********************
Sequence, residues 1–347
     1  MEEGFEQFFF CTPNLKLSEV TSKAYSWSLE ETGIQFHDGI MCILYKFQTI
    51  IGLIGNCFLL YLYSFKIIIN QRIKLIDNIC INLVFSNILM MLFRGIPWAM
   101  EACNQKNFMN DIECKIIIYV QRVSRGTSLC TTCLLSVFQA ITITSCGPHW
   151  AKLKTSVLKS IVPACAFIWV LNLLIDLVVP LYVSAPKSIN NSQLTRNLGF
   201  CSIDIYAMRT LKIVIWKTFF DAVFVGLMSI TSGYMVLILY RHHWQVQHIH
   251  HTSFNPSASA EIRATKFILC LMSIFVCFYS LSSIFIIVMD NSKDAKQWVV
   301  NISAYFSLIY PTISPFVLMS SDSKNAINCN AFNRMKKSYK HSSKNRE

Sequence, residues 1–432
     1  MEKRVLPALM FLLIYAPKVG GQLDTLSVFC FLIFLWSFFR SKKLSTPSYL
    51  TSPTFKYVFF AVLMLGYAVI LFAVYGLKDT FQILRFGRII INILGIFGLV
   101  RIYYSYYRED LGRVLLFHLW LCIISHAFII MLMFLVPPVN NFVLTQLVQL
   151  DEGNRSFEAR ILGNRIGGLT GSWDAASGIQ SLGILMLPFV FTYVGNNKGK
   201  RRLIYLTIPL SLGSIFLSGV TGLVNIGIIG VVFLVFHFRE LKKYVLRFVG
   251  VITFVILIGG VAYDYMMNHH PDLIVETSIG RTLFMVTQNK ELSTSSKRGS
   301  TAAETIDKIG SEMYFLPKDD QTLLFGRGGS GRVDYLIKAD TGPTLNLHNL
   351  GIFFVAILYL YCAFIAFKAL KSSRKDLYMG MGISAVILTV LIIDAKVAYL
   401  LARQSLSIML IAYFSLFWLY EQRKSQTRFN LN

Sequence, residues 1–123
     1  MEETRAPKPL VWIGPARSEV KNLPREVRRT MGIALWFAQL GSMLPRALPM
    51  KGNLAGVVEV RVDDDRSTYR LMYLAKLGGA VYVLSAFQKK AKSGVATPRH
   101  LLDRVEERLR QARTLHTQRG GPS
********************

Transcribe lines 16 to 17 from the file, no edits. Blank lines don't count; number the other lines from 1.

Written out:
   301  TAAETIDKIG SEMYFLPKDD QTLLFGRGGS GRVDYLIKAD TGPTLNLHNL
   351  GIFFVAILYL YCAFIAFKAL KSSRKDLYMG MGISAVILTV LIIDAKVAYL